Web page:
additional benefit of writing it like shown is the availability of [source
        code autoformatters](https://github.com/ambv/black).

        Other Example:

        This "README.md" was built into [this](./.README.tmpl.md) template,
        where [title:html comment style placeholders,fmatch:.README.tmpl.md,show_raw:True]<SRC>
        had been replaced while running pytest on this testfile:

        <from_file: %s>

        """ % (
            __file__,
        )

        p2m.md(t)
        p2m.md(
            """
        Lets run a bash command and assert on its results.
        Note that the command is shown in the readme, incl. result and the result
        can be asserted upon.
        """
        )

        res = run('cat "/etc/hosts" | grep localhost')
        assert '127.0.0.1' in res[0]['res']

    def test_two(self):
        res = run(['ls "%(d_test)s"' % p2m.ctx, 'ls -lta /etc/hosts'])
        assert 'tutorial' in res[0]['res']
        assert 'hosts' in res[1]['res']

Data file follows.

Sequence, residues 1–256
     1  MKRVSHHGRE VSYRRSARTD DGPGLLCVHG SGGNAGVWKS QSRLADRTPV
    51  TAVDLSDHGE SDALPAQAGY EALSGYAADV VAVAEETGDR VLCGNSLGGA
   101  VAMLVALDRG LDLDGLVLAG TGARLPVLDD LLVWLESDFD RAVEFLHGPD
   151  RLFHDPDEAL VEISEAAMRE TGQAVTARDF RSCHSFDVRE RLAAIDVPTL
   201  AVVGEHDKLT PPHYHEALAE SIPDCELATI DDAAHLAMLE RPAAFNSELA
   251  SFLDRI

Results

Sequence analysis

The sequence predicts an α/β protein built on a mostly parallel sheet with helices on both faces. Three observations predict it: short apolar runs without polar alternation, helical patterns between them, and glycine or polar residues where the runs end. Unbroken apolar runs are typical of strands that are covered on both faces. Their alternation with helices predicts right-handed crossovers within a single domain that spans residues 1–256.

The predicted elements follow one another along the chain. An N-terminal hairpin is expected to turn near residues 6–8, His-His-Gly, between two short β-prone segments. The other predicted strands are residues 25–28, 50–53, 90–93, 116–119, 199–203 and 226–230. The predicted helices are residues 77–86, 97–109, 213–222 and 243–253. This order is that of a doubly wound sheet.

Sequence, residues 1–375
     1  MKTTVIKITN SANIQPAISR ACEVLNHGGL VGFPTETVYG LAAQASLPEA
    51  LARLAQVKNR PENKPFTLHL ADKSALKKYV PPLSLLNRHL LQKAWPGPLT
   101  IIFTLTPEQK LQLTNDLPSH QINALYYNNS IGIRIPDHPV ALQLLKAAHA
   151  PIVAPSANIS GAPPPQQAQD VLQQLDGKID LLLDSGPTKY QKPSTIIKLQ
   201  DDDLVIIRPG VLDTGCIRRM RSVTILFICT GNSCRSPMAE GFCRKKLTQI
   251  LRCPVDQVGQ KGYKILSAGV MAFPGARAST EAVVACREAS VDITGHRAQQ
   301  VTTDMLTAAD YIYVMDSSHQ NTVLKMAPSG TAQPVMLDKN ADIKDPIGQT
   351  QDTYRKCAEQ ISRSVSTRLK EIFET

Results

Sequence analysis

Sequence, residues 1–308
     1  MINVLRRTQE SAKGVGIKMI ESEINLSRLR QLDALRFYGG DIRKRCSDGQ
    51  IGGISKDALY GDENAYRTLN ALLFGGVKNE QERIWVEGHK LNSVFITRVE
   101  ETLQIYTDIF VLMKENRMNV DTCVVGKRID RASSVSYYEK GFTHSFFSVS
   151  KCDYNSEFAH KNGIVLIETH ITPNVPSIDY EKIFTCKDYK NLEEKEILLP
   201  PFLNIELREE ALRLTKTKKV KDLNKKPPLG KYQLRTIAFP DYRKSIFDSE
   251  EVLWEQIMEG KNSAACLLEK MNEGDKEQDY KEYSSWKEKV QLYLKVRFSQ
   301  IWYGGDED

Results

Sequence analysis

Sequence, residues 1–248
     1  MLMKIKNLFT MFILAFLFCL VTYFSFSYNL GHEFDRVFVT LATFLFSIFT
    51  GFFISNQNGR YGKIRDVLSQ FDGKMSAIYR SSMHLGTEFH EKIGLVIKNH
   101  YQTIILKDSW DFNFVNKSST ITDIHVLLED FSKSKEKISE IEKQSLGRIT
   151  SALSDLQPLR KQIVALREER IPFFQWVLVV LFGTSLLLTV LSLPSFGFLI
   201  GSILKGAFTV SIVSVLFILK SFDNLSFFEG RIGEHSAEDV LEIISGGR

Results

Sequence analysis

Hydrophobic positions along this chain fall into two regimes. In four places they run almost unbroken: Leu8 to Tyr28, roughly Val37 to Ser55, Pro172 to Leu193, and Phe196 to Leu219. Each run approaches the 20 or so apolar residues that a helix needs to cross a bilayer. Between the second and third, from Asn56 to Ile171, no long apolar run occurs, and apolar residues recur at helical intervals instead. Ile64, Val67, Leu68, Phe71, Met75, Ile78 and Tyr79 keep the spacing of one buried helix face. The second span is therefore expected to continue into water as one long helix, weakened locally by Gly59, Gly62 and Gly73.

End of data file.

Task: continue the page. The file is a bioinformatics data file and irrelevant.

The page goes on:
def test_simple_pyfuncs(self):
        """
        # Inline Python Function Execution

        via the `md_from_source_code` function you can write fluent markdown
        (tested) python combos:
        """

        def foo():
            hi = 'hello world'
            assert 'world' in hi
            print(hi.replace('world', 'joe'))

        """
        The functions are evaluated and documented in the order they show up
        within the textblocks.

        > Please keep tripple apostrophes - we split the text blocks,
        searching for those.

        State is kept within the outer pytest function, like normally in python.
        I.e. if you require new state, then start a new pytest function.

        Stdout is redirected to an output collector function, i.e. if you print
        this does result in an "Output" block. If the printout starts with
        "MARKDOWN:" then we won't wrap that output into fenced code blocks but
        display as is.

        > If the string 'breakpoint' occurs in a function body, we won't redirect